Familiarity, being well known, being what’s known as a big name, is a reputation that nearly all politicians aspire to.
But how important is this for politicians? Is it necessary to be a ‘big name’ to succeed in politics?
LucidTalk included a ‘familiarity’ question, as part of their last NI-Wide LucidTalk-Belfast Telegraph poll-project in November 2012.
Our question asked interviewees to name (if they could) five Northern Ireland Executive Ministers (apart from the First Minister and deputy First Minister).
All names mentioned by our poll participants were noted, even those names that weren’t actually current ministers in the Executive.
At the end of the poll-project, the final totals were calculated. The poll-project involved over 1,200 interviews and results for this specific ‘familiarity’ question, in terms of the number of ‘mentions’, were as follows:
As would be expected with a question of this sort there were other names mentioned, even though they weren’t Ministers in the NI Executive.
LucidTalk interviewers again also noted these names, and calculated the applicable scores in terms of number of ‘mentions’ as follows:
Not surprisingly, Sammy Wilson came top of our ‘familiarity’ poll. He has a good media presence, manages issues which attract media attention (as money issues always do), but crucially the familiarity poll shows that, to a certain extent, people must also enjoy watching, listening to, and meeting with him.
Arlene Foster also scores highly, again probably because of her media presence and the fact that she is Minster for Enterprise, Trade, and Investment, which naturally attracts a lot of media attention in terms of job creation and job losses, particularly in a recessionary environment.
We also see that John O’Dowd scored a high familiarity rating. This should be re-assuring to Sinn Fein, who in terms of opinion polls in both Northern Ireland and in the Republic, has shown a weakness in attracting female voters, which is a trend that has been showing for some time.
It should be noted that non-support from women for Sinn Fein in the Republic of Ireland is even more pronounced than in Northern Ireland. As such, getting their politicians better known and ‘liked’ will be a factor in improving Sinn Fein’s support among women.
David Ford and Caral Ni Chuilin also scored highly, which again shows that the key issues of justice and culture are still important within the political environment, perhaps because they periodically throw up contentious arguments which attract media analysis and attention.
Finally, to be fair to the two junior ministers in the OFMDFM department, they scored less than their other ministerial colleagues probably because they’re understandably overshadowed by the First Minister and deputy First Minister in terms of media presence.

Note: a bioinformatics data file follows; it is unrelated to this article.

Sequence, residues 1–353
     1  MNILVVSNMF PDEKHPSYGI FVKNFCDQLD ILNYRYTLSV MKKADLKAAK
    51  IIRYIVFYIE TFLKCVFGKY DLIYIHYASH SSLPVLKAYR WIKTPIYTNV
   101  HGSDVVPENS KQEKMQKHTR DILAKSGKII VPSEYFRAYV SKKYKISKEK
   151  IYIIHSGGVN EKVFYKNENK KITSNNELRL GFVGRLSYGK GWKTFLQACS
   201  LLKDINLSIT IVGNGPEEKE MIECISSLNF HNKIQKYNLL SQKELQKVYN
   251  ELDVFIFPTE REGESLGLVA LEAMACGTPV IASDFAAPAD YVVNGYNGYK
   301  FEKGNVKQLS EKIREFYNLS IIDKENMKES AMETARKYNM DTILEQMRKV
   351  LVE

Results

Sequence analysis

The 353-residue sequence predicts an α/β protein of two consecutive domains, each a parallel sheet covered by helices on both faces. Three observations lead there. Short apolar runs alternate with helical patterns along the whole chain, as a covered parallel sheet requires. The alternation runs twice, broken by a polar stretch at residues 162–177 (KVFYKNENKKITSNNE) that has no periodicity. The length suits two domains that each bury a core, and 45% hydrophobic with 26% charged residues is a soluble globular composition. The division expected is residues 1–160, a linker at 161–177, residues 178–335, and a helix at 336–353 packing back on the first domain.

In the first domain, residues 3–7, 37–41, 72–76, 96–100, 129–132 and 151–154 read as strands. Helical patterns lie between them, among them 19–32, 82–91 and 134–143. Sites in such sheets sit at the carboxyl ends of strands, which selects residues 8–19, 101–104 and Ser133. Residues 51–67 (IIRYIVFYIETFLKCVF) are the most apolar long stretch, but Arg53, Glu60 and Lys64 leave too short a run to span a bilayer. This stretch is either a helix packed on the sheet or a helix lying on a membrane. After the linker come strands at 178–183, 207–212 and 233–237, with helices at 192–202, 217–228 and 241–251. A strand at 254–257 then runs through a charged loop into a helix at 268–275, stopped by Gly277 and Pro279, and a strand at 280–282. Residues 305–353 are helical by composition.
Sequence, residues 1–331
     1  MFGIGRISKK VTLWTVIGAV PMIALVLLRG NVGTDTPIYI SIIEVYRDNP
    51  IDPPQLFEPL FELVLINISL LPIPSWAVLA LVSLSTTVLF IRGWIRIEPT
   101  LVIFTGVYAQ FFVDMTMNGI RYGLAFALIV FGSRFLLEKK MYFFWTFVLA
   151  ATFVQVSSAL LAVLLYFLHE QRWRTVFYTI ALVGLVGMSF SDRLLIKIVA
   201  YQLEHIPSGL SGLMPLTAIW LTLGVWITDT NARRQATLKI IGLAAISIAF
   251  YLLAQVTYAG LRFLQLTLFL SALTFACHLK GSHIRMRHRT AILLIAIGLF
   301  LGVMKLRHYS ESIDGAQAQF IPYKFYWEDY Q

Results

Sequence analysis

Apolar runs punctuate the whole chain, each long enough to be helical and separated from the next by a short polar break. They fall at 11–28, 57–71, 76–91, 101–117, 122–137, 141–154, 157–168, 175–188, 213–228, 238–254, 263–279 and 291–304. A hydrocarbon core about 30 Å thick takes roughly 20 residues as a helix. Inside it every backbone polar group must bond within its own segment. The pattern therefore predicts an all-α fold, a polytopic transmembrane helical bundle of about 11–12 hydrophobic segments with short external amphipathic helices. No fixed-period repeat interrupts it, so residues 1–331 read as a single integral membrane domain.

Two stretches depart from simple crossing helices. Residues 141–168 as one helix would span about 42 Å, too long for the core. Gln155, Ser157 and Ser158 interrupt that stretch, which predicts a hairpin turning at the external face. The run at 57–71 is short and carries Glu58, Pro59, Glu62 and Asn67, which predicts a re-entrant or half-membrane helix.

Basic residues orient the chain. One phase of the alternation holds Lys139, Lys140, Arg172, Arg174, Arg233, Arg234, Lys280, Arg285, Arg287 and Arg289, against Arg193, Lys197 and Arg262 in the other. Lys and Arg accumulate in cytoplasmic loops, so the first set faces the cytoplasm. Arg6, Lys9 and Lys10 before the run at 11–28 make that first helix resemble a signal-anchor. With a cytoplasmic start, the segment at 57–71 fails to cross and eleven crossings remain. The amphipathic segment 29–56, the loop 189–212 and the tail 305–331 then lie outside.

Scoring well in a ‘familiarity’ poll, indicates that the politician has probably been prominent in the media, perhaps also on social media, and may also have been recently involved with issues that attract a lot of publicity and media attention.
Naomi Long may be a good example in terms of being prominent in the media, as the above polling was taken around the time the Belfast City Council ‘flags dispute’ was starting.
However, it’s not only media presence that counts, as ‘familiarity’ scores can also be built-up by contacting a lot of people individually face-to-face perhaps through constituency work, and perhaps being active in a lot of organisations related to politics such as voluntary organisations.
Sylvia Hermon may be a good example of this in terms of her on-the-ground work in her own North Down constituency, and this is probably the reason she features in the above list.
However, in terms of this personal face-to-face contact this has to be done over a long period of time as you have to become known to a very large number of people, before it affects a familiarity rating.
This type of research and analysis is similar to the ‘likeability’ polls that are carried out with already established brand names, both in business and politics.
Why is this type of analysis important in politics? It’s important because people tend to vote for someone they know, or like, and not just because of policies and issues.
Although this likeability and familiarity factor is important with all voters, it particularly applies to women who tend to have to like and ‘feel they know’ someone before voting for them.
A good example of this was last year’s US Presidential election with polls regularly comparing the ‘likeability’ of Romney vs Obama. Obama always had a substantial lead over Romney in 'likeability' polls, and this was probably one factor why Obama substantially outpolled Romney in terms of the female vote in the actual election.
Bill White is managing director of Belfast based polling and market research company LucidTalk, polling partners to the Belfast Telegraph.